In my previous posting, I noted the end was in sight for the Oregon Health & Science University (OHSU) University-Based Training Grant (UBT) grant from the Office of the National Coordinator for Health IT (ONC). This is even more so the case for our other major ONC workforce project, the ONC Curriculum Development Centers (CDCs) program, as the ONC funding portion of this project will end in March, 2013. This program has produced three successive versions of the health information technology (HIT) curriculum for community college programs, and it has had broad use beyond those programs, including our own informatics graduate program at OHSU.
Since the first version of the curriculum, the materials have been available for download from the National Training and Dissemination Center (NTDC) web site. Since the second version, anyone in the world has been able to create a login and download up to the entire curriculum. Technical support has been available for the faculty of the community college consortia.
Even though the ONC funding will be ending, the materials will live on. While there is no funding as of now to support and update the materials, options are being explored. In the meantime, the NTDC web site will be maintained by OHSU for at least one year after the ONC funding ends. In addition, ONC plans to incorporate the materials into its developing National Learning Consortium. Others have moved the materials on to other sites, including one that is turning them into a massive open online course (MOOC).
As the ONC funding is winding down, we are producing the final deliverables of the project. The major last deliverable we are most excited about is a new version of the VistA for Education (VFE) environment that is used as a fully function electronic health record (EHR) for the lab-based components of the curriculum. Based on the VistA EHR of the US Veteran's Administration (VA), the learning curriculum provides both learning to use as well as configure the VistA system for computers running the Microsoft Windows operating system. One of the limitations of this EHR has been the use of a version that requires the commercial Intersystems Cache environment (as is done in operational settings by the VA itself). A new version of VFE has been developed that is based on the open-source GT.M environment (with help from the WorldVistA community). As GT.M runs only in the Linux environment, we have had to develop a virtual machine approach in order for VFE to run on Windows. But we have succeeded at developing this, including an installer that takes the user through all the required steps. The exercises based on VistA from Components 7 and 11 of the curriculum have been revised to run properly with this new version of VistA.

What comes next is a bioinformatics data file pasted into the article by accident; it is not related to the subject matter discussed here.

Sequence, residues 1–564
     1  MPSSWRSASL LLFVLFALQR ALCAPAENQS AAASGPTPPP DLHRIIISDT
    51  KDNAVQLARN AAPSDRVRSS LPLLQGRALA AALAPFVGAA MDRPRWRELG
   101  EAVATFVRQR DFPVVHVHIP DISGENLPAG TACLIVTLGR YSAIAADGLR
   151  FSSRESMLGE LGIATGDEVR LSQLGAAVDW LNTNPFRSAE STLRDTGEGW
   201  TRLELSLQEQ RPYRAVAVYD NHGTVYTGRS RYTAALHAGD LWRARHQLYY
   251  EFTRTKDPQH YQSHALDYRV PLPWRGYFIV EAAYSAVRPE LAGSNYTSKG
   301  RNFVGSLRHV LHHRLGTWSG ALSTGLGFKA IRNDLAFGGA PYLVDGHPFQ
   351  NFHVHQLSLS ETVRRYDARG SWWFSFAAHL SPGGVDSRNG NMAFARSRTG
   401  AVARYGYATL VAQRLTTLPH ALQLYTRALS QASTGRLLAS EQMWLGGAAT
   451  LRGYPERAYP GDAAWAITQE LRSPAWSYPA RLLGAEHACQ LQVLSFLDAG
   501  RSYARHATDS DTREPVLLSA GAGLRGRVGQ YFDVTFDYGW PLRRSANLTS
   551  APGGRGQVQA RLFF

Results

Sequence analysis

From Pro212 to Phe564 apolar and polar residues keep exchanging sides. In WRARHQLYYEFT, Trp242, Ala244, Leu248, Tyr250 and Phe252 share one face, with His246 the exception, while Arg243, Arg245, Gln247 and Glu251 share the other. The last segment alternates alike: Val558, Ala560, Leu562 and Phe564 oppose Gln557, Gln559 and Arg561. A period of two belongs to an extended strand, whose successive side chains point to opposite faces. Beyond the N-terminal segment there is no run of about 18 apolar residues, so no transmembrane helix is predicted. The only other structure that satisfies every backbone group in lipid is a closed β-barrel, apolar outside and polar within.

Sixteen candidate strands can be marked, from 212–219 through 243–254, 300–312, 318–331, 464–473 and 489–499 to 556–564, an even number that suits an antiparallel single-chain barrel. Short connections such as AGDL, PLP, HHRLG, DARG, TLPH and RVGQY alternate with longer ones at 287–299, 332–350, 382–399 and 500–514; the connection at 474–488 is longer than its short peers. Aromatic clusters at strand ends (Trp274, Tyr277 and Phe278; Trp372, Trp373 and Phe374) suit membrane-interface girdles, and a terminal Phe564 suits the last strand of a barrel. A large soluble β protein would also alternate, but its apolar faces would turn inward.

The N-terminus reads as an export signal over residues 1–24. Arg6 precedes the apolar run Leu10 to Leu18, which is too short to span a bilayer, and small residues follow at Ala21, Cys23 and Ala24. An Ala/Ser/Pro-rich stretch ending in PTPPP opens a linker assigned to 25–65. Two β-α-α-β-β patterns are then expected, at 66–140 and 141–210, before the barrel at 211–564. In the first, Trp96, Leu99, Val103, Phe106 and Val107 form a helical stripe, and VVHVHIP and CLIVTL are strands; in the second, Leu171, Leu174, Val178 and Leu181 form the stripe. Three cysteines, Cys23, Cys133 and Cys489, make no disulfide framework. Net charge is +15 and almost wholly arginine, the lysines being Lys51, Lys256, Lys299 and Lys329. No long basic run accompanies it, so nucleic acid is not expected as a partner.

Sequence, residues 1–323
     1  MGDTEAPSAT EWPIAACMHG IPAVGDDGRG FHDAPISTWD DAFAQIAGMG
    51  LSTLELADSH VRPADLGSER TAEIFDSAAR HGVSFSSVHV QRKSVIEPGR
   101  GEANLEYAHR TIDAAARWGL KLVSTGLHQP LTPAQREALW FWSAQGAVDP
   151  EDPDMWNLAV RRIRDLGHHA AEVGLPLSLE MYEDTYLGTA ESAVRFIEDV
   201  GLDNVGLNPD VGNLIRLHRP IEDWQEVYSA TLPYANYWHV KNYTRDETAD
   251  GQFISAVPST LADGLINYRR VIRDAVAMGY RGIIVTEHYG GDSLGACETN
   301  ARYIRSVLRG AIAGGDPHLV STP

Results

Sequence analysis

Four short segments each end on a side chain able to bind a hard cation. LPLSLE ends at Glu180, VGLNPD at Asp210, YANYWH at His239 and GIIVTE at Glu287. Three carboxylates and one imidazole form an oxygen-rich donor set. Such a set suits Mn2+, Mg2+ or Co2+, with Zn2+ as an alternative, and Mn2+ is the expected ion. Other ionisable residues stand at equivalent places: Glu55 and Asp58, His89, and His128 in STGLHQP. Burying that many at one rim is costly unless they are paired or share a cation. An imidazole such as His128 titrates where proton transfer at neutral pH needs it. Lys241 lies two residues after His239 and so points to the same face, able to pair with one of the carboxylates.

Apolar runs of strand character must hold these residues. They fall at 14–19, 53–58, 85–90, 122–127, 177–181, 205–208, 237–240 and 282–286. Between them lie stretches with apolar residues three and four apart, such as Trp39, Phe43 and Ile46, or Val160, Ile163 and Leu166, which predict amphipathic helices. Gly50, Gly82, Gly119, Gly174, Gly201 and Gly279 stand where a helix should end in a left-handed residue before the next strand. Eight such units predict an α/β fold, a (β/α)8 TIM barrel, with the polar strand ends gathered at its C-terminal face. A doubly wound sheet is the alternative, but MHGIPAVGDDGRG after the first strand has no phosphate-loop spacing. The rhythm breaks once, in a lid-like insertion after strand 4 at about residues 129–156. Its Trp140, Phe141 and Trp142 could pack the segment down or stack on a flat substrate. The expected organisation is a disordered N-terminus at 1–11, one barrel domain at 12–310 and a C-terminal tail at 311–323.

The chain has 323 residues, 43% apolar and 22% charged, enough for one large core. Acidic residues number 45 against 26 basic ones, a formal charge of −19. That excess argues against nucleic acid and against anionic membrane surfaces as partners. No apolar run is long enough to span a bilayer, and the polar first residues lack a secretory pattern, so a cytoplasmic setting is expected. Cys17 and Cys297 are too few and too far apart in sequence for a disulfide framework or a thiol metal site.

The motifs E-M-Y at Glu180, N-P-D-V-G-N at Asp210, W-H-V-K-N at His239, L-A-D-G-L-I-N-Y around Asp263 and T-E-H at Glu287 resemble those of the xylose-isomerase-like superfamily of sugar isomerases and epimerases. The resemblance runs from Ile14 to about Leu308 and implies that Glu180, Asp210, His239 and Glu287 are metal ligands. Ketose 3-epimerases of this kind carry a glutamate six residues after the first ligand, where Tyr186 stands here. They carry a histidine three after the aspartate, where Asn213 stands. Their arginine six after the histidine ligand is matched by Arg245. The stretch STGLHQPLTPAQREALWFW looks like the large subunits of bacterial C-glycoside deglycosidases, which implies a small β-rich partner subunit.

Other project-end deliverables include updating of various materials, including revising the last unit of Component 1 to include coverage of Stage 2 of meaningful use. We were planning to update the materials for the new HIPAA regulations that were supposed to be released in 2012, but those have not come out yet, so will not be in this version of the curriculum.
Overall, the reception of the materials has been gratifying. The NTDC download site has nearly 10,000 registered users. We are currently conducting a survey of those users that we hope to publish in the near future.
Clearly these materials represent a highly worthwhile product funded by the American Recovery and Reinvestment Act (ARRA). Even if they do become out of date, they will continue to be directly useful for some time to come, and serve as a foundation for other educators to develop their own curricular materials using ours as a foundation for some time to come.